(Originally posted on site forum Feb 16th, 2016.)
Okay, finally we have a reasonable design for a sunny space that uses spaced beams that are quite tall to limit radiation exposure to a livable amount even if you are hanging out there up to half the time.
Alright, suppose the little rectangle with the rays emanating from it is you. The beams start 4 m above you for a nice sense of space. In this version, the beams represented by the grey rectangles are 6 m high by 50 cm wide. The complete analysis was done using beams 4 m high by 50 cm wide. In both cases, each beam is separated by 1 m. The orange rays shows a representative set of paths radiation that passes through your body can take.
In the model of Cernan’s Promise, the beams will look roughly like this:
See how it works? Straight up, there is very little material blocking radiation, you get a full dose. But because the spaces that have only glass or a transparent membrane are separated by lots of tall beams, starting a short angle away there is enough material that the dose is lowered to a small amount, and when you average the two you are a fair bit better off than if there had only been a membrane. Especially when you get into the details - those beams also protect against all micrometeorites except the ones coming straight down, which is rarely what they do. And unlike if you just dug down and put a membrane, the whole volume is usable. You don’t have to stay down low in order to get a low dose.
Here is a map of how the doses work out. It bears a lot of contemplation. Because the energy in cosmic radiation is so incredibly high, it causes atomic nuclei to explode when struck and the bits that fly off have enough energy to cause other nuclei to explode too, and it takes a while before that process causes the original energy to be dispersed enough that you are getting net protection from the material shielding you instead of actually getting a lot more radiation because of the atomic shrapnel flying around.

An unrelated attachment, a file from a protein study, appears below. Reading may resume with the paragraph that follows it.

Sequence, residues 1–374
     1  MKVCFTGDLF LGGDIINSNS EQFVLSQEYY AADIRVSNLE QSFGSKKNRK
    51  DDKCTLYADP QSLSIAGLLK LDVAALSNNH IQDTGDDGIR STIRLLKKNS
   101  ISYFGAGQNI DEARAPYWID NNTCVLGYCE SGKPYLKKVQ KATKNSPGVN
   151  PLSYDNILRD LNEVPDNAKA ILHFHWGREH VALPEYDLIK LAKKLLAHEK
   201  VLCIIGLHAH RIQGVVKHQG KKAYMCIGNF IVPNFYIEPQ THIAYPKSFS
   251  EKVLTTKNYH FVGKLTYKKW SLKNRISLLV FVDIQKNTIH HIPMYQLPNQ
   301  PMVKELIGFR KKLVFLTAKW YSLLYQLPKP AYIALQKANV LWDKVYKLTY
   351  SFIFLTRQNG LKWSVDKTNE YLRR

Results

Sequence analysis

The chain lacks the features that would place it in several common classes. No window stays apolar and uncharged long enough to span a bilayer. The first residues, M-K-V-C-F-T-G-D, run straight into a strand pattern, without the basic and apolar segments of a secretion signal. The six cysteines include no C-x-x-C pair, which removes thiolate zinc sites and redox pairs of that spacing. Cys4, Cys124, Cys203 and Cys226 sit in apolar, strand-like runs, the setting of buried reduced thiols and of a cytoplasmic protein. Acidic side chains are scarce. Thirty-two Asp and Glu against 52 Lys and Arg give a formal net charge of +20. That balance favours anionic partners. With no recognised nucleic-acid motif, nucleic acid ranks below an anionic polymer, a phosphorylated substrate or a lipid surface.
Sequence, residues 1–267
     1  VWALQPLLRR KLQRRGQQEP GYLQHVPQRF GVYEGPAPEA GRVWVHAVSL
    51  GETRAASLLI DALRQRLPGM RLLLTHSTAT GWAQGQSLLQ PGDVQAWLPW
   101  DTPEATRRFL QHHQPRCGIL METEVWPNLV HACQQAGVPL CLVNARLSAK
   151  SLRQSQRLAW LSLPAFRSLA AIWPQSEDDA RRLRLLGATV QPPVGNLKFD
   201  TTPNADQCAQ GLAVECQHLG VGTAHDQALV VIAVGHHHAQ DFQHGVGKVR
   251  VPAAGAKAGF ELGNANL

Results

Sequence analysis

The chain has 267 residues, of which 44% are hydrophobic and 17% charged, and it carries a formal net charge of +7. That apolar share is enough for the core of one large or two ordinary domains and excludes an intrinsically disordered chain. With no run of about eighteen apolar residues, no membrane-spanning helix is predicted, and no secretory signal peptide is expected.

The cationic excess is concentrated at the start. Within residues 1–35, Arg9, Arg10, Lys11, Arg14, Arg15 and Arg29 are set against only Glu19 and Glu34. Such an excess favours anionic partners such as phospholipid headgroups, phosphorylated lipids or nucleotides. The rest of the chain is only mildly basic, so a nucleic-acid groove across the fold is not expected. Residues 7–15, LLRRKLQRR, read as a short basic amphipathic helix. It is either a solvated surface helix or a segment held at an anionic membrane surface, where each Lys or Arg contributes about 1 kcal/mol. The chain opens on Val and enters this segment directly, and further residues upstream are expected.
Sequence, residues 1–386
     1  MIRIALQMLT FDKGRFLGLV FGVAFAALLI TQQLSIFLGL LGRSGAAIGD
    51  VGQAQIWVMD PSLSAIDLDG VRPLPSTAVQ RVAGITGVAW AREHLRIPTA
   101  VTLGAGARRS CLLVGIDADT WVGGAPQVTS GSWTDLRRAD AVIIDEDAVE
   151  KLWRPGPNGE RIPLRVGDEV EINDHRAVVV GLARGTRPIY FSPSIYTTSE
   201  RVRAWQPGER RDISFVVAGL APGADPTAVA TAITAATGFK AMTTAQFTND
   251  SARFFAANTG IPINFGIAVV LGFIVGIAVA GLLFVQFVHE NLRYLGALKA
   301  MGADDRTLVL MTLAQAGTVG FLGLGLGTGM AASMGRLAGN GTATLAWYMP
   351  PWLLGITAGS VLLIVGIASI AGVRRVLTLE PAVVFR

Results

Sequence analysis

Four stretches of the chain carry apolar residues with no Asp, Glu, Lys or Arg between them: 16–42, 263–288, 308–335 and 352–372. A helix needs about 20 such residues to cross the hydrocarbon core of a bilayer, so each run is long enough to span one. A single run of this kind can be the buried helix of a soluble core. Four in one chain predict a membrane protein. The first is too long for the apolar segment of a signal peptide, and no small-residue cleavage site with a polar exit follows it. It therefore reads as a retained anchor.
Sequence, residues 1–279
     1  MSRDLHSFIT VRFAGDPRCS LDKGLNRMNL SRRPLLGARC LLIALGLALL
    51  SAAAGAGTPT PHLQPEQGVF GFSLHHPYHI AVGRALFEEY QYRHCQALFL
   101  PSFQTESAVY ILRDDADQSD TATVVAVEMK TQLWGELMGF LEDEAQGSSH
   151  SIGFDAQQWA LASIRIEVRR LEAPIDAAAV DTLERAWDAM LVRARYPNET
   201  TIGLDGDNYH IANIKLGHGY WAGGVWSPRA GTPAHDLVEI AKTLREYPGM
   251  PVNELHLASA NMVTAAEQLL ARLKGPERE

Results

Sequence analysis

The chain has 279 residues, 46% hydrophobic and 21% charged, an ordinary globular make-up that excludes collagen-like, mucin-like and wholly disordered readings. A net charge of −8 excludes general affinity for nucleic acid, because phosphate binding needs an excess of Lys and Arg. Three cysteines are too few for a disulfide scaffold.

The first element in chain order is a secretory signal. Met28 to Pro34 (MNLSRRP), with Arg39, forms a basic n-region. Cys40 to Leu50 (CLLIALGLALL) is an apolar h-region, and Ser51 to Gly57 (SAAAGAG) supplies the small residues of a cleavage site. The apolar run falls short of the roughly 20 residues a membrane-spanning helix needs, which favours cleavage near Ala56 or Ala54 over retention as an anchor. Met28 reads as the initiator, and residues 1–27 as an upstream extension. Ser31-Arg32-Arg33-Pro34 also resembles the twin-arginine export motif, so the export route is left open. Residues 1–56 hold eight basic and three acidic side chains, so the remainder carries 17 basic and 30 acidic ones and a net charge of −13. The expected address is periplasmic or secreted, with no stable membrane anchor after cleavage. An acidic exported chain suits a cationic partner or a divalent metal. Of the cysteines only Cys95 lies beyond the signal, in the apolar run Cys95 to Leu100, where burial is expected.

So the map shows the area of a dome around a person through which the heightened doses due to an insufficient blocking thickness would pass. Those areas are in pink and red. The orange part offers some protection, and the yellow is better protection, good enough for permanent habitation. The green is as low as sea level on Earth. The area this dome examines is an angle of 60 degrees, roughly. Beyond where the mapping ceases, the protection has a fringe of yellow and then quickly turns to green for all the rest.
So imagine if the tall east-west sides of the beams were covered with a mirror surface. If you stand between two and look up you see nothing but stars. The are angled just slightly so that here at the equator the sun tracks around over the long day and the beams are always parallel to its rays of light, the shadows stay minimal. The Earth would be visible much of the time between the beams. When it isn’t, it is still coming in from the south end, where there is a mirror pool outside the sunken hall for that very purpose. And the north wall reflect that image from the mirror pool so it is visible from inside the tunnel where people will spend most of their time.
If you’d like a few numbers, here are the basic ones (and please remember the previous post - these numbers are estimates):
Which gave a round number of 0.07 Sv/yr total if you were always in that space. Spend half your time there, that’s 0.035 Sv/yr. The maximum allowed for nuclear plant workers is 0.05 Sv/yr. So we’re good. And we can soak up some sun and see the actual sky, and have healthy growing plants. Ahhhh….
Now let us remember what we don’t know. Humans have never spent extended periods of time exposed to galactic cosmic rays. Never. The Apollo astronauts got the biggest doses in history but weren’t exposed for more than 9 or 10 days each. These rays are actually particles, and they really aren’t like radiation as we know it. In fact their name is a hold-over from when we thought they were radiation because they seemed like it, but actually they are protons, neutrons, and sometimes entire atomic nuclei stripped of their electrons, whipping through space at incredibly high speeds, coming from god knows where but it isn’t from around here. Probably from supernovas. Our bodies repair damage from radiation if it is a small enough amount and happens slowly enough. It would in all probability react exactly the same way to cosmic rays. So we just have to keep our exposure down to levels our body can repair as part of its normal daily routine of cleaning, patching, and sprucing up. But we need to know much more before our first buff astronauts bathe in the sun in their hammocks among the tomato plants.